It may sound alarmist but this is the most important text in this magazine. It can sound a bit scary, but with a healthy dose of common sense, mixed with a good knowledge of snow and mountain craft, you will be able to take the decisions that will give you the best skiing and get you back for the apres ski safe and sound.
Through reading this you will by no means have all the necessary knowledge, but it’s a good reminder on what to watch out for, and it will give you a base from where to start.
Avalanches are of course the biggest risk for all powder skiers. The sad thing is that you can never predict exactly when, or where, one will be triggered. However, the good thing is that you can read mother nature’s signs and know when to be extra vigilant: new snow, wind and temperature changes are the three biggest factors to take into consideration. When two or three of them are combined, you should be extra- extra careful. Also remember that if you trigger an avalanche, you might be able to ride out of it, but there may be others on the slope who will be affected by your decisions.
Glaciers represent another hazard where knowledge is crucial. In Engelberg the most obvious glacier to note is located right under the Titlis Rotair lift, and covers big parts of the Steinberg run. Even though skiing around the blue ice can be mesmerising remember that crevasses are everywhere, even next to powder tracks. Hire a guide, or make sure you ski with someone who knows the area, to ensure that you ski on the most stable snow and not over weak snow bridges.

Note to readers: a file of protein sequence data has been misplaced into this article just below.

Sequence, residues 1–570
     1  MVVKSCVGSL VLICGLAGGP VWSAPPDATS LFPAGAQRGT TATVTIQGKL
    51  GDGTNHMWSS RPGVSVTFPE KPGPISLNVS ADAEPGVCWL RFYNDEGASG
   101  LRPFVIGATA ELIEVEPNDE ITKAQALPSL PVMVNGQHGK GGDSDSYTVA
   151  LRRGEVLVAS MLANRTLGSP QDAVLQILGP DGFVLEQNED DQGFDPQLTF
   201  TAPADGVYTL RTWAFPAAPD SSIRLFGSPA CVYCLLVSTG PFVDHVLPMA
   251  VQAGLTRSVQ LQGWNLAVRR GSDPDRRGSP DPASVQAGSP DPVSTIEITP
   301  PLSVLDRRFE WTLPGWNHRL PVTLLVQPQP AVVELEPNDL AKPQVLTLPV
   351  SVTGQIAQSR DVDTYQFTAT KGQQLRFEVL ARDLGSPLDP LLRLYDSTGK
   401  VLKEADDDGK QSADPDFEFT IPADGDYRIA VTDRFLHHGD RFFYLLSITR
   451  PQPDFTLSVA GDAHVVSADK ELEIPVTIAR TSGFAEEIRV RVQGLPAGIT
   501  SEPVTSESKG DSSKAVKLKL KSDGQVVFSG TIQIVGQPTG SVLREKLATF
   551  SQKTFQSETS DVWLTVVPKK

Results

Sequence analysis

Unintended exposure is not always easy to spot from the top of a run. As such it’s always really important to plan a run before you drop in. Sadly it’s quite common to see people stranded on top of a cliff they didn’t want to jump, just because they followed someone else’s tracks. Following tracks may not always be bad, if you know where you are that is. But if you’re not aware of where the tracks end, you didn’t plan your run well enough. In short: always make sure you know where you are, and what’s below you.
The right equipment for the job is also crucial. Take a look at the picture above and ensure your backpack contains it all. In the first instance the most important thing is to avoid avalanches, but if you have a situation where someone is buried, it’s extremely important to know your transceiver extremely well. Luckily there is a training centre located on Tru?bsee, where you can practice and build your trans- ceiver skills. Mountain guides and professional skiers do this many times every winter and you should too. Please remember: No equipment can replace knowledge. Use all the safety gear possible, but ski like you didn’t have any.
Last, but not least: Read the avalanche report. You can see them close to many lifts on the mountain or read them online at www.slf.ch. A new one is released at 8 o’clock every morning. If you don’t understand it, ask someone who does.
To bring to the mountain:
TRANSCIEVER / SHOVEL / Probe / food / WATER / FIRST AID KID / PHONE / extra clothes / GLOVES / GOGGLES / MULTI tool / CLIMBING SKINS
Wear the transciever close to your body, never in the backpack, and always turned on. Basic climbing equipment and a head lamp can also come in handy on more serious missions.